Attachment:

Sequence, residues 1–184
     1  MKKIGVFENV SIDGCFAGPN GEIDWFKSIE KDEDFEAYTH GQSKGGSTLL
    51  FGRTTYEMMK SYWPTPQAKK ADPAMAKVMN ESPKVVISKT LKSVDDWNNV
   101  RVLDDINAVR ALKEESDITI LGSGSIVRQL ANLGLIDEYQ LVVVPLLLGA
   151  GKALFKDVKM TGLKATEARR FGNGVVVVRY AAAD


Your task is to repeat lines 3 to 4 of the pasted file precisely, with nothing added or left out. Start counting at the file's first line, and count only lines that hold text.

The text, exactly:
    51  FGRTTYEMMK SYWPTPQAKK ADPAMAKVMN ESPKVVISKT LKSVDDWNNV
   101  RVLDDINAVR ALKEESDITI LGSGSIVRQL ANLGLIDEYQ LVVVPLLLGA